Posted by: bluesyemre | December 24, 2018

4 things #PublicLibraries needs to end by #JaneCowell


I joined a GLAM Blog Club in part to motivate me to share ideas and write more and also to channel ideas into the monthly theme prompts that the GLAM Blog Club challenge us to write about. I admit to being sometimes way off topic but this month I decided to intentionally be on message — and yes the theme is THE END, appropriate for the end of the year. Here are my 5 Public Library things that need to go in 2019.

  1. Library Fines : There has been a lot of news about libraries, all types of libraries but especially public libraries, going fine free and more evidence demonstrates that Library Fines only punishes the poor. The people who can least afford to pay fines are often the ones who need the library service the most and are locked out of using libraries for fear of fines or from the incurring of fines and being unable to pay. Library fines undermine one of the core principles of public libraries — the provision of free and universal access to information. There is also no evidence that overdue fines encourage meaningful compliance. Ultimately it is up to every Library Manager to make the case, to their Board, their Councils or their Deans of the impotence of Library fines and the detrimental effect they have on the community that the library serves. There is also a significant cost to the collection of fines that is never calculated when the case is made to impose them. One library service has calculated this at 1200 hours of staff time to administer loans — hours that staff could be delivering much more valued services. And if you cannot remove fines all at once take some initial steps. At my own library we have successfully removed fines from all children’s items in the middle of a financial year with Board approval and an amended budget. We have also implemented automated renewals and a grace period so fines are really only imposed on those items on hold that users return late or keep longer than 9 weeks and 3 days. For the past month we have also run a Food For Fines campaign which allows the community to reset their fines to zero with a donation of food and this year we collected over a tonne of food for the needy. One of the most wonderful outcomes of this campaign was all the lapsed Library users who came back. They had not been in the library for years as they were afraid of the past fines. All these activities you can do right now as steps to move to a fine free library if this is not a decision that can be made immediately. For the 2019/2020 budget preparations the case will be put to my Board to remove all fines. Yes, it will mean a tight budget but I do believe an uptake in members, visits and loans will result which gives me better evidence to prove the Library Service’s value than does a revenue line that actively turns the community away.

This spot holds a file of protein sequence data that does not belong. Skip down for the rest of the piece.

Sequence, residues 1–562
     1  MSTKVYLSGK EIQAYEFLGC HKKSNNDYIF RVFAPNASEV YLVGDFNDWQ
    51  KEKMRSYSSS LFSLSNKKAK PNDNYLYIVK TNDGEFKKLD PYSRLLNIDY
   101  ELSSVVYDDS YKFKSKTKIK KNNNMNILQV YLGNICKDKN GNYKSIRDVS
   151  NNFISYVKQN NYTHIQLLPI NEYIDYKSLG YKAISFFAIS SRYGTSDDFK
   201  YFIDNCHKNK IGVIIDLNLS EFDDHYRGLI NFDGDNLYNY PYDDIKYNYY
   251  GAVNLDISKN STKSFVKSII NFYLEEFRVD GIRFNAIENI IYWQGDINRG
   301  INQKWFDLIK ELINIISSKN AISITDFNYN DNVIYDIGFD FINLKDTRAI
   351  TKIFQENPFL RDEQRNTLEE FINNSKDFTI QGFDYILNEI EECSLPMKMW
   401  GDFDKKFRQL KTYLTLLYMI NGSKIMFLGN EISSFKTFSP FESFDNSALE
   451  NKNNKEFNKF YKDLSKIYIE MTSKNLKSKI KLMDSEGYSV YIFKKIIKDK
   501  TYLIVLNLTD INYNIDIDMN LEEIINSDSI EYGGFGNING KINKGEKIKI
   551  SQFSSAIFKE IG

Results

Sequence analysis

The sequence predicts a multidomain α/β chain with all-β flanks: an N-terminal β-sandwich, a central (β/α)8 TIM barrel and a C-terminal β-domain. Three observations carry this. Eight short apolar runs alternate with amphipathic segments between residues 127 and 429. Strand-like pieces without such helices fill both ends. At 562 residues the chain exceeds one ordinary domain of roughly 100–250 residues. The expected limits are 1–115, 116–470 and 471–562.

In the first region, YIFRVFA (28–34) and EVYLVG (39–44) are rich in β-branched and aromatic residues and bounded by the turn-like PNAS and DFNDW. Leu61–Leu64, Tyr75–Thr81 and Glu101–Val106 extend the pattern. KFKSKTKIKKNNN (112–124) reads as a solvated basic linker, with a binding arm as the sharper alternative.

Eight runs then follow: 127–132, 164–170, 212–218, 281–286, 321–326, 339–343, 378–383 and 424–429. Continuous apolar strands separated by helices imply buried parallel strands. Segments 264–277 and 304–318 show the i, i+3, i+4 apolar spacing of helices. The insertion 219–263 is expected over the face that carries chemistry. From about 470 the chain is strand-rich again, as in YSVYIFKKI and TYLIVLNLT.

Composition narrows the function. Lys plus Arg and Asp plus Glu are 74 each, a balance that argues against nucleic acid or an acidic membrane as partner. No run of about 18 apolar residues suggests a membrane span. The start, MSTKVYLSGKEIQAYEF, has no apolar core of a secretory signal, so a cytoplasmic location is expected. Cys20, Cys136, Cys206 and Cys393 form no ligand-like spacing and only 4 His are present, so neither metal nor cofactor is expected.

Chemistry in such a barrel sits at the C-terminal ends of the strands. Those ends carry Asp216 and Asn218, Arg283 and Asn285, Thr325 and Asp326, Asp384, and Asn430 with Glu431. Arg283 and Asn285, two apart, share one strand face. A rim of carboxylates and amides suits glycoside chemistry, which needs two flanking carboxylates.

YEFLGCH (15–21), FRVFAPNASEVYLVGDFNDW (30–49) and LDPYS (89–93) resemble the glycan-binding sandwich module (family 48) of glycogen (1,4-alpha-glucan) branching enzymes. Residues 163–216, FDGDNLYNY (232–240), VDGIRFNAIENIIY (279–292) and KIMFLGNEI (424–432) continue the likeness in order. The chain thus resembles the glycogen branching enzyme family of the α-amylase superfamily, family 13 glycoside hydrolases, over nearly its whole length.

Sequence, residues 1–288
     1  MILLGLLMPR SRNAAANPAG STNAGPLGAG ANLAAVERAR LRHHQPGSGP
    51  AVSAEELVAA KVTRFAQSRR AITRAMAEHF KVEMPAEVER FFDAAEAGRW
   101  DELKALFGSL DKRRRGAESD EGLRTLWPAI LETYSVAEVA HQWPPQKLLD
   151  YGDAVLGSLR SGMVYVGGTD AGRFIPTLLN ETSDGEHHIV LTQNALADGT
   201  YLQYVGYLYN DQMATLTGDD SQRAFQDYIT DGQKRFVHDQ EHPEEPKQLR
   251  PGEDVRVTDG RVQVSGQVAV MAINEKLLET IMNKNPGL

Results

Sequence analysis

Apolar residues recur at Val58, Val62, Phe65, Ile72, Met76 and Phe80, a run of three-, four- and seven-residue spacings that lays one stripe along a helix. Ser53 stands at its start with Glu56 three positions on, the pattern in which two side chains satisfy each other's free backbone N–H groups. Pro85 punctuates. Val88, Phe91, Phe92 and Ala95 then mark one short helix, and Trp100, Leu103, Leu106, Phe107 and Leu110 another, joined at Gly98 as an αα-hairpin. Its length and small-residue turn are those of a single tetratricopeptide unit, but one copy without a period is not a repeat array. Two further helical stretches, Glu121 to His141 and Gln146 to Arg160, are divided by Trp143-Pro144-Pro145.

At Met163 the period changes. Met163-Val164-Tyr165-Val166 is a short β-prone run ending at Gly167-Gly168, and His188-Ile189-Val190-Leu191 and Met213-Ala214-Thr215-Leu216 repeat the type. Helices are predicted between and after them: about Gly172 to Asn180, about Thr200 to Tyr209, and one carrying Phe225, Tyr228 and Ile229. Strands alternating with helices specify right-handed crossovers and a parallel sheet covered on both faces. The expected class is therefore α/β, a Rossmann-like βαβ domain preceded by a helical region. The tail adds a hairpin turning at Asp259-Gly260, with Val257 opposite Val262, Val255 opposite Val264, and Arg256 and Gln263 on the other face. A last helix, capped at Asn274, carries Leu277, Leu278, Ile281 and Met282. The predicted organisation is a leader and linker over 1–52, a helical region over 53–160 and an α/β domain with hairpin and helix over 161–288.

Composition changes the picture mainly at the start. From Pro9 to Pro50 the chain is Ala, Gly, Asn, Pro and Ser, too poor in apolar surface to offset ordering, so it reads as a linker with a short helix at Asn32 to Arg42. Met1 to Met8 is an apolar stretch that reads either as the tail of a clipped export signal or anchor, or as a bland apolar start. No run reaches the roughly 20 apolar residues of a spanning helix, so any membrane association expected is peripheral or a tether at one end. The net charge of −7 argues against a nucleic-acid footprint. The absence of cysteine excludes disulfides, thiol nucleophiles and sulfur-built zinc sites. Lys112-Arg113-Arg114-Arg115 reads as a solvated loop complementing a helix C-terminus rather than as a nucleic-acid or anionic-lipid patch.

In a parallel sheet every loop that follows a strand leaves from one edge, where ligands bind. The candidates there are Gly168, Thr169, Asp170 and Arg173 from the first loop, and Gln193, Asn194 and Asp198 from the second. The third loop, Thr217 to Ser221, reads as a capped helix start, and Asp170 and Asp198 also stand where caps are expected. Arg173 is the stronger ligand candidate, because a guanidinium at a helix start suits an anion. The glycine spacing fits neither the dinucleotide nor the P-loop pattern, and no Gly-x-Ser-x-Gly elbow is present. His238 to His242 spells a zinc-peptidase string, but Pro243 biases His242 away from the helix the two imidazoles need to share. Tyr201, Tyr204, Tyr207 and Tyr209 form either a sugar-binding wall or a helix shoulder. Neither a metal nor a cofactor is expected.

2. Dewey classification: yes it is time to let go of this white man’s classification system. And that means Library of Congress Headings as well. Yes we do need a shelf locator and yes we need metadata and tags to find the items on the shelf. But our systems need to be in line with the other voice systems that people are now used to. How does Siri locate a book on our shelves? Natural language, crowd sourced tags could be added to our catalogues. We also need to be more mindful of respecting our First Nation peoples with the descriptors utilized within our catalogues and not use derogatory European terms set in the early twentieth century to describe the material collected. Others have written much more eloquently about this than I can. Nathan Sentance on his blog Archival Decolonist has written extensively about collecting institutions and respecting the indigenous way and I urge everyone to be more aware of the racism inherent in our cataloging systems.